[ 106 Pa. Commw. Page 293]

Although subrogation out of malpractice recovery has been denied in certain instances, we find those cases distinguishable from the case at hand. In Dale Manufacturing at 497, 421 A.2d at 655, our Supreme Court noted that the employer failed to offer medical evidence explaining the effect of the medical treatment upon the original compensable injury nor did the employer request the appointment of an independent medical examiner. Thus, the Supreme Court denied subrogation concluding that there was no evidence of record on which to make a determination as to whether the surgeon's failure to remove the cottonoid pad from the wound and the subsequent surgery required to remove the pad "either aggravated the original injury or caused a new and independent one". Id. at 498-99, 421 A.2d at 656.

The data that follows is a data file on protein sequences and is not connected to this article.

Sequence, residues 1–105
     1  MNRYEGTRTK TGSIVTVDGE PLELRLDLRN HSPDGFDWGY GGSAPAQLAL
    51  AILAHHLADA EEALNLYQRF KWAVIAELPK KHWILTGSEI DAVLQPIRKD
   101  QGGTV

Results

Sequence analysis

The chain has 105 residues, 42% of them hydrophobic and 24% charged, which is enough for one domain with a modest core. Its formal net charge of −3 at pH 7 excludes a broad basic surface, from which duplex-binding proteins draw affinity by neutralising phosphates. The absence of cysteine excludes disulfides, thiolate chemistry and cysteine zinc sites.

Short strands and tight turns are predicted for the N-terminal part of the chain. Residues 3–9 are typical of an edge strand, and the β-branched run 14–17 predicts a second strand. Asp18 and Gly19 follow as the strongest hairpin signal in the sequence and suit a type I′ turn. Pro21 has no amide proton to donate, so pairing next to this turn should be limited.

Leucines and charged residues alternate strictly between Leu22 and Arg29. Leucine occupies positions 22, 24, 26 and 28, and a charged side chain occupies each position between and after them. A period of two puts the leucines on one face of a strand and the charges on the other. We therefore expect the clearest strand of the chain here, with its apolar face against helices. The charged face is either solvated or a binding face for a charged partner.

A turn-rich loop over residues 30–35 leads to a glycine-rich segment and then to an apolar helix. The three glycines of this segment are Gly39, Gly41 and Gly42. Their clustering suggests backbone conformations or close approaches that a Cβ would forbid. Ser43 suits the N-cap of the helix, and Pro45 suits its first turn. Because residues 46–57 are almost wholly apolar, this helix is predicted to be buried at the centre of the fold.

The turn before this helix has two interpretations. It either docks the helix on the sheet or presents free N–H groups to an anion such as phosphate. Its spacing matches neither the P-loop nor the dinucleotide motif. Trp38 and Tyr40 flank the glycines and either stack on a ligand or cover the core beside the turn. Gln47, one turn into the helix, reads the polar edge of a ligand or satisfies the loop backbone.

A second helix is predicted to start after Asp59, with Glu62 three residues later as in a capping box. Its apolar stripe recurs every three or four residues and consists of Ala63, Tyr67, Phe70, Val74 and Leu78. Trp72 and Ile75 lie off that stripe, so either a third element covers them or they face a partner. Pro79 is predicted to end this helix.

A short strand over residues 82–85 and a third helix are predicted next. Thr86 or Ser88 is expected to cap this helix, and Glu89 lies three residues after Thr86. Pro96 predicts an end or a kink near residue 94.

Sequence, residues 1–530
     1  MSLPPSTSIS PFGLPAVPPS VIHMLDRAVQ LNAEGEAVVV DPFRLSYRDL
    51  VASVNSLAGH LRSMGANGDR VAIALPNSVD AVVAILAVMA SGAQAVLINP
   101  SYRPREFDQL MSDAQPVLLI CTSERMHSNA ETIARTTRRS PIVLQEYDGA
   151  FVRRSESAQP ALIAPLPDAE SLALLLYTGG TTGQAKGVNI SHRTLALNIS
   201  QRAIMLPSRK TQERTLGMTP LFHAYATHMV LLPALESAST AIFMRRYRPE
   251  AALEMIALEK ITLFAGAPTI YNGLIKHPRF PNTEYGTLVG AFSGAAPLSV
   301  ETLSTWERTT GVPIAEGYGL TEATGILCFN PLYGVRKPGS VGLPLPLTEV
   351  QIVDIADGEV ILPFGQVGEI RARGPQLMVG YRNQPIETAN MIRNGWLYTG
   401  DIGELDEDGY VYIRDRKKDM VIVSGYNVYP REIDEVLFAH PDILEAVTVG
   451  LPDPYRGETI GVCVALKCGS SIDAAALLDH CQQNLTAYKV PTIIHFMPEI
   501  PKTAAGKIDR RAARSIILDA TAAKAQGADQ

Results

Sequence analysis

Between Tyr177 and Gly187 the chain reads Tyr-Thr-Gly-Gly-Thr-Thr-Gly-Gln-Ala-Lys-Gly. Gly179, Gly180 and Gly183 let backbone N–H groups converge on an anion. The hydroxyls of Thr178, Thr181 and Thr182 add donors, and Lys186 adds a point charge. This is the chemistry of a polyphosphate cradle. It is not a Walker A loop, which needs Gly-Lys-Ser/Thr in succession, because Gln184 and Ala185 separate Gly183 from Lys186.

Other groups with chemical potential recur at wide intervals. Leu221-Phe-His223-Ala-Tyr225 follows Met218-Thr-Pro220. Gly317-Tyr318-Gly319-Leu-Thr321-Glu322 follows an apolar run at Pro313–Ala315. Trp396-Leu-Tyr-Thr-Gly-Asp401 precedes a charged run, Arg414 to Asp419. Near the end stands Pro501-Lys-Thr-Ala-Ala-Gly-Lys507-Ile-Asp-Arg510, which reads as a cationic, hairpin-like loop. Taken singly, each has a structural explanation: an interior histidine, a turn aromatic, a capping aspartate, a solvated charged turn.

A request for subrogation was also denied in Jefferson Medical College Hospital v. Savage, 7 Pa. Commonwealth Ct. 35, 298 A.2d 694 (1972). In Savage, a claimant who suffered a work-related hip injury sustained two additional injuries to the hip during the course of therapy treatment. However, two points distinguish Savage from the instant matter: (1) the subrogation claim in Savage was for compensation benefits paid prior to surgery, and no subrogation claim was made for benefits payable due to injuries suffered as a result of surgery; and (2) there was a stipulation that the third party settlement fund was for the subsequent injury to which no compensation charges were filed against the carrier. See Powell at 580-81, 514 A.2d at 244.